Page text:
Salesmanís trial reveals ugly details

of Broward pay-to-play politics

Article Courtesy of The Sun Sentinel


Published April 5, 2010


Most politicians cut plea deals when confronted with the unpleasant news that they've been caught on tape taking money from undercover federal agents.

Not Fitzroy Salesman.

We should be grateful for the former Miramar commissioner's defiant spirit.

By fighting federal bribery and extortion charges, Salesman has allowed us to get the full flavor of South Florida's "pay-to-play" (as he put it) political culture. Hours of taped conversations with undercover agents have been played at his ongoing trial, providing a civics lesson we never learn in school.

Salesman told one agent "it's not a kickback" if a contractor gets a job from a city and a commissioner makes money on the deal as a consultant, so long as the job is done well and the payment is made after the project is finished.

"Then it's not a kickback," Salesman told FBI agent John Osa at a Hooters restaurant in Pembroke Pines in May 2007. "Then it's the company dividing the profits the way they want."

He even sounded genuinely concerned about not squandering taxpayers' money, saying "I have a reputation to uphold."

He also was hesitant about getting cash up front, saying: "I'm not going to jail for no bull----."

I had to stifle laughter when I heard that in court last week.

We'll see what the jury makes of this.

Salesman's lawyers say Salesman was paid $7,840 for legitimate consulting work done while he was suspended from office on a DUI charge.

Federal prosecutors say Salesman took money, including $3,340 when he was an active commissioner, to improperly steer work to a local contractor.

The portrait painted on the 2006 and 2007 tapes, with undercover agents posing as businessmen and contractors seeking government work, isn't flattering. And it's not just Salesman who comes off badly.

With hidden microphones and cameras rolling at restaurants, a boat outing and a local political banquet, we have been treated to a Lauderdale Lakes commissioner who is now a state representative (Hazelle Rogers) talking about skirting capital gains taxes on a home sale and a Miramar Commission candidate (George Pedlar) ignoring campaign finance rules by taking a $5,000 contribution, 10 times the legal maximum.

Even former Broward County Commissioner Josephus Eggelletion, who has pleaded guilty to money laundering and bribery charges, hasn't been spared more embarrassment. In court last week, Osa testified about trying to get sidewalk construction work from the county and how Eggelletion told him "how he'd take a large contract and break it up" to get under the county's $250,000, no-bid threshold and avoid a commission vote.

Eggelletion and former Broward School Board member Beverly Gallagher, arrested the same day as Salesman in September, avoided trials with quick pleas. Eggelletion will begin serving a 2 1/2-year prison sentence in May. Gallagher will be sentenced in June for her bribery offense, with prosecutors and her lawyers recommending a 37-month sentence.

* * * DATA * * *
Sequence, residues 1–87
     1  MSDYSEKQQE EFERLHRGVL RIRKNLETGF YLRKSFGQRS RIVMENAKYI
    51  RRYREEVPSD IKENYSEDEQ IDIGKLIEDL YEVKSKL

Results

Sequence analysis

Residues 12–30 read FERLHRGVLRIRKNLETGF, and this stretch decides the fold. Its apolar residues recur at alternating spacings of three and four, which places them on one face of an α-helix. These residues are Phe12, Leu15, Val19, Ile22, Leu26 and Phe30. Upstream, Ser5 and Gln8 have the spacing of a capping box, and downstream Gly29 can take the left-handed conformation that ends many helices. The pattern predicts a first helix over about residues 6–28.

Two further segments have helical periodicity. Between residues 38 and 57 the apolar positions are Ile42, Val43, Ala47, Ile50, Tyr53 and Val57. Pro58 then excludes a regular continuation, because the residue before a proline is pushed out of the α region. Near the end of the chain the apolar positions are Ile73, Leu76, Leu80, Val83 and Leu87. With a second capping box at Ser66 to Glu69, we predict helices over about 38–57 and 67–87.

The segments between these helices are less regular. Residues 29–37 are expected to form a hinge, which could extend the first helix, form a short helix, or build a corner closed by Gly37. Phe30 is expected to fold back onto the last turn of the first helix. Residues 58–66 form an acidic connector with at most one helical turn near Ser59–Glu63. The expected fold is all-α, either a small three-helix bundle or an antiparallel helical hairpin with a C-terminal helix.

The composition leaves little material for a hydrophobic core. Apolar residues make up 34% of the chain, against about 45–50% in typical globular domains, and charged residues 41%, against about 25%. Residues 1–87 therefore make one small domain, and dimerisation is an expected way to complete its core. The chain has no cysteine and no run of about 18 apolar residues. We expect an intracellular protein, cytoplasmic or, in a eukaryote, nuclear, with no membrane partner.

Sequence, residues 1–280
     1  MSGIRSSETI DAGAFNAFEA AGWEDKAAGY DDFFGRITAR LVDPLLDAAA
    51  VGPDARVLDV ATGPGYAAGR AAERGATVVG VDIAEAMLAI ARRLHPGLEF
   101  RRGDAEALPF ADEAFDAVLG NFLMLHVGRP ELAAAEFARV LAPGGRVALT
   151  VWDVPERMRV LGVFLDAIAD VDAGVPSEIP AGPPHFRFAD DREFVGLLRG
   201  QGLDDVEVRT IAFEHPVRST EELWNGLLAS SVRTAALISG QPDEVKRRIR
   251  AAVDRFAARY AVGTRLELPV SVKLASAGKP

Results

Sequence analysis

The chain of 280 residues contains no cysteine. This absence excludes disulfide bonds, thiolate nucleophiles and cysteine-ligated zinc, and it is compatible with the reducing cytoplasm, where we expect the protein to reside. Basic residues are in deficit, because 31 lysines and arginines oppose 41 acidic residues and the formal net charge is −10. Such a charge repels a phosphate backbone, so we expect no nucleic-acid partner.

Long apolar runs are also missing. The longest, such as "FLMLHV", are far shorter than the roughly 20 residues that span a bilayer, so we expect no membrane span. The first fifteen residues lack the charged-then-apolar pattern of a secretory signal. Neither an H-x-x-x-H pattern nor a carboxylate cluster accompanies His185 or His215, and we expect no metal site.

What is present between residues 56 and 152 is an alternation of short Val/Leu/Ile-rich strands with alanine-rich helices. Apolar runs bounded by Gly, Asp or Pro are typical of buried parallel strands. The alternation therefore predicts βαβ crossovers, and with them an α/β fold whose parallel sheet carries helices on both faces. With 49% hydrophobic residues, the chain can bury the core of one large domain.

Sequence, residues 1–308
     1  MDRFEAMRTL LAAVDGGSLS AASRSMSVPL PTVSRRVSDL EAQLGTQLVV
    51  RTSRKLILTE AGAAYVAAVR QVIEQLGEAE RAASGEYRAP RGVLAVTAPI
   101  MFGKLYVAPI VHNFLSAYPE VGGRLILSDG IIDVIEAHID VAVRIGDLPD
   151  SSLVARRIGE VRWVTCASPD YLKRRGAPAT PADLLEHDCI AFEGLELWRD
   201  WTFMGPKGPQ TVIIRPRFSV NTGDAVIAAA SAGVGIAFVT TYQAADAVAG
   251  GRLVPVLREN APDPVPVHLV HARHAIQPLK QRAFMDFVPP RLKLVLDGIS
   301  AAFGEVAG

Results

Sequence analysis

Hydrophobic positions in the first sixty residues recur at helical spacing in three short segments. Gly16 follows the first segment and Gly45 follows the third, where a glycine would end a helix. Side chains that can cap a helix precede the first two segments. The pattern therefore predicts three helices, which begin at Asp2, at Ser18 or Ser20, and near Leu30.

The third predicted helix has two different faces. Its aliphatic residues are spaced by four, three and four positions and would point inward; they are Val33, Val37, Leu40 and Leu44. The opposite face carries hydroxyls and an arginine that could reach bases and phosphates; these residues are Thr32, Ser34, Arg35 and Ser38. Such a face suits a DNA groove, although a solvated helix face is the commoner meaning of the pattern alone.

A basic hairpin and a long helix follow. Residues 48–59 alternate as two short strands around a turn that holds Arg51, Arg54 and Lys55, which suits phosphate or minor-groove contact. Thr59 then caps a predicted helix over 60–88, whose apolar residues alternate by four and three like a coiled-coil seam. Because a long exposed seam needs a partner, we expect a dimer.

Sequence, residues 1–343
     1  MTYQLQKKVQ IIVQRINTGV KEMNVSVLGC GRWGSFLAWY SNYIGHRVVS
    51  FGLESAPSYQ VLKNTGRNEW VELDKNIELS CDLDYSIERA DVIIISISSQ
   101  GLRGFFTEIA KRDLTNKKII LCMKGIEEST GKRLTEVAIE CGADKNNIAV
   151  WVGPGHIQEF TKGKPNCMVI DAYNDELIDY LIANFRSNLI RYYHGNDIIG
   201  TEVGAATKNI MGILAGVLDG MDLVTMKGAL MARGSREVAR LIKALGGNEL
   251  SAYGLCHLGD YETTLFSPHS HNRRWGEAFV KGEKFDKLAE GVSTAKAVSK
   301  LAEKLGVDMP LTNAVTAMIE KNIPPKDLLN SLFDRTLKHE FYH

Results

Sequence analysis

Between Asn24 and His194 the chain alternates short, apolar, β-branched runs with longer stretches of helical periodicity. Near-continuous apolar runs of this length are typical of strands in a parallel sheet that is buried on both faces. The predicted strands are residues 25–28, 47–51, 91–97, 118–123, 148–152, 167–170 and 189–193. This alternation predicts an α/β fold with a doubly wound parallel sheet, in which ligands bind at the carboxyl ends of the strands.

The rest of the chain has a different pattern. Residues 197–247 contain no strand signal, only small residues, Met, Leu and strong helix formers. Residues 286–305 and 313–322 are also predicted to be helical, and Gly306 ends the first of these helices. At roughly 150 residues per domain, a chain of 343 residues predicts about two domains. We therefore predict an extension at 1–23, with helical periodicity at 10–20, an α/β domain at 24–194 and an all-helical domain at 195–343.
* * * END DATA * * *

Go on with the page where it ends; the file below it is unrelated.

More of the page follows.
Salesman is going down swinging. He's no stranger to courtrooms, with two previous arrests leading to political suspensions. He was acquitted in the 2005 DUI charge, but was found guilty of a misdemeanor gun offense for a Thanksgiving 2007 incident at a supermarket. Voters didn't return him to office and he was sentenced to 30 days in jail.

This time, he faces up to 100 years in prison if convicted of all six counts of bribery, extortion and honest-services fraud.

At the May 2007 Hooters meeting, Salesman instructed the undercover FBI agent on the finer points of winning Miramar contracts that needed Commission approval, those exceeding $50,000. Salesman already had helped Osa's associates land a $34,000 park gazebo job.

Salesman spoke about another company that he "went to bat for" getting $22 million in city contracts in two years.

"There's no law that says the lowest bid has to win," Salesman said over wings (sauce on the side) and french fries. "There are other things that come into play. Ö I want somebody who builds a relationship, gives back to the community."

At the same meeting, Salesman said: "Let me tell you how it goes, because I'm acting in my capacity as a lobbyist. A lot of politicians won't take the chance of taking money under the table, but we all have our pet projects. Ö Let's say I have a charity event and I'll ask if you can sponsor a table for $1,000. That makes me look good."

With Broward's "pay-to-play" culture finally coming home to roost, nobody looks so good now.

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